Casino Winnings and Annuity Payments

Winning big at the casino often comes with a decision: take all the money as a lump sum, or place the winnings into an annuity. There are major differences between the two options, making it a decision that deserves careful thought and attention.  

What Are My Casino Payout Options?

Depending on the amount won and the casino’s policies, you have two options to receive your casino winnings:
 
  1. Lump Sum - Receive the entire amount of your casino winnings immediately in one lump sum payment. Choosing to take a lump sum means the full amount will be taxed according to applicable income tax laws for the year your winnings were received. Additional casino withholdings may apply. 
  2. Annuity - Put the money into an annuity to be paid out in regular, scheduled payments over a designated period of time. The money is only taxed when the payments are disbursed, meaning the entire amount of the annuity can generate interest over time to help subsidize tax requirements.  

How Do Casinos Pay Out My Winnings?

A particularly successful night in the casino could mean your winnings are subject to different forms of payout per specific casino policies. In some instances, you will have more control over the disbursement method than others. 
 
  • Most games allow for a lump sum payment.
  • Certain games and large sums of winnings require an annuity.
  • It all depends on the casino, the games played, and the amount won.

The best way to be sure about your choices is to check with the casino and verify your options if you have won a large amount of money by playing a particular game.

Are My Casino Winnings Taxed?

Casino winnings are often taxed. Depending on the amount won and the games played, you should be aware of the following regulatory standards: 
 
  • Lump sum payouts of $5,000 or more are subject to income tax and may  bump winners up to a higher tax bracket. Check with your particular state for regulations regarding gambling taxes.
  • The IRS also taxes gambling winnings; a W2-G tax form will need to be filled out come tax season if your winnings exceed these minimum thresholds:
  1. $600 at a horse track — if you have won 300 times your bet or more.
  2. $1,200 from a slot machine or game of bingo.
  3. $1,500 in Keno winnings.
  4. $5,000 in poker tournament winnings.  

The casino typically withholds up to 25% of your winnings if the amount surpasses these thresholds. 

Important to note: You should consult with a professional tax advisor for tax advice and information related to your specific circumstances.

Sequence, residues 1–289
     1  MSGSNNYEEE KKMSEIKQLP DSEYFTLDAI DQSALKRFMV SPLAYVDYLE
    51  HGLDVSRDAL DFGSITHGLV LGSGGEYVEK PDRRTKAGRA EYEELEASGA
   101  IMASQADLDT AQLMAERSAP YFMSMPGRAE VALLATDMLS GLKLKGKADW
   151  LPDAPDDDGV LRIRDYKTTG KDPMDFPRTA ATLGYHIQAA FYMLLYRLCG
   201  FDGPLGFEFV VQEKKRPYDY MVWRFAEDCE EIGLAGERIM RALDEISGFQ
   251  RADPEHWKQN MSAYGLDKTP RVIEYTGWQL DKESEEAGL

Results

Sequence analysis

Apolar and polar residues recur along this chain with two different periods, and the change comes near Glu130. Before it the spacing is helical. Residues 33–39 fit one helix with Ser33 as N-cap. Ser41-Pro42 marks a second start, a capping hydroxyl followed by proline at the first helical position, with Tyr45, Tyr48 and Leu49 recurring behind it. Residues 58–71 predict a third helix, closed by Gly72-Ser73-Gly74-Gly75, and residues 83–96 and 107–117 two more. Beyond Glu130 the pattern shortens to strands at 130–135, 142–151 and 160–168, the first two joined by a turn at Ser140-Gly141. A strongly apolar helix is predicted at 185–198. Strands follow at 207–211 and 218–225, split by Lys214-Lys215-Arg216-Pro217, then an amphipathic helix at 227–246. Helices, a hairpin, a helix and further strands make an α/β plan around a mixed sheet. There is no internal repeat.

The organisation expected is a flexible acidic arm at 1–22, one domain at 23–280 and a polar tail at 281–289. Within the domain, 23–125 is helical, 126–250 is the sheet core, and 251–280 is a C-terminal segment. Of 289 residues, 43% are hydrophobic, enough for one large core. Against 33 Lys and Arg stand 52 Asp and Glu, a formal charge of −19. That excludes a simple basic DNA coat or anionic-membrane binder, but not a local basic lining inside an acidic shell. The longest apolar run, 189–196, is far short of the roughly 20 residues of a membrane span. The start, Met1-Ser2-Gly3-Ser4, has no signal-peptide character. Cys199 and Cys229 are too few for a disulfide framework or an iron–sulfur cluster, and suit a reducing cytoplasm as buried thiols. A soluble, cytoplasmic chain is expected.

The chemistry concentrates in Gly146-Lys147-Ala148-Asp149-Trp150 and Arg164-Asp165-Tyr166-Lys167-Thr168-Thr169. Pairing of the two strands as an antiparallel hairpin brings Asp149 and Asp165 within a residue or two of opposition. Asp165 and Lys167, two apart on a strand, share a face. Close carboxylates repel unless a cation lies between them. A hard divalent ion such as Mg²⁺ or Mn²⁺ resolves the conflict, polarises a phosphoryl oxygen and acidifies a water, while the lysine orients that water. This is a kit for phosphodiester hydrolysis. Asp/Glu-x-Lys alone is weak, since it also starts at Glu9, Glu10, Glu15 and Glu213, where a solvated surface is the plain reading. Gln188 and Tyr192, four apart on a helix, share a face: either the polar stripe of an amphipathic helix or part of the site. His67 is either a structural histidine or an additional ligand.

Annuities vs. Lump Sums for Casino Winnings

Placing your casino winnings into a structured annuity or taking the lump sum payout both result in a guaranteed payout of the amount you won, but there are major differences in how the money is paid to you. 
 
  • Taking the lump sum payout means you will be responsible for paying income tax once, and only once, on the entire amount of your winnings. 
  • Annuity recipients are taxed on each scheduled payment according to federal income tax regulations at the time of the disbursement.
  • Opting for an annuity allows you to place the entire amount into a structured settlement where it can generate interest over the life of the account. 

 

How Do I Sell Annuity Payments From Casino Winnings?

Annuity payments from casino winnings can be sold if certain criteria are met. If you wish to sell your annuity payments, you must do the following:
 
  1. Contact a J.G. Wentworth Representative
  2. Receive a Quote for Your Annuity Payment Sale
  3. Agree to and Accept the Lump Sum Offer for Your Payments
  4. Receive Court Approval for the Transaction (if applicable in your state)
  5. Receive Your Money in a Lump Sum

Get A Quote

If you are considering selling annuity payments from your casino winnings, selling lottery payments, or you simply want to learn about the other payment purchasing options provided by J.G. Wentworth, please contact us today. We offer free, no-obligation quotes for selling annuity payments from casino winnings. 

 

J.G. Wentworth is a purchaser of assets and does not provide legal, tax, or financial advice. Please consult with independent professionals for such advice. All transactions are at J.G. Wentworth’s sole discretion.

1. Ritchie, J. (2017, May 6). How Are Gambling Winnings Taxed? https://blog.turbotax.intuit.com/income-and-investments/how-are-gambling-winnings-taxed-8891/

 


 

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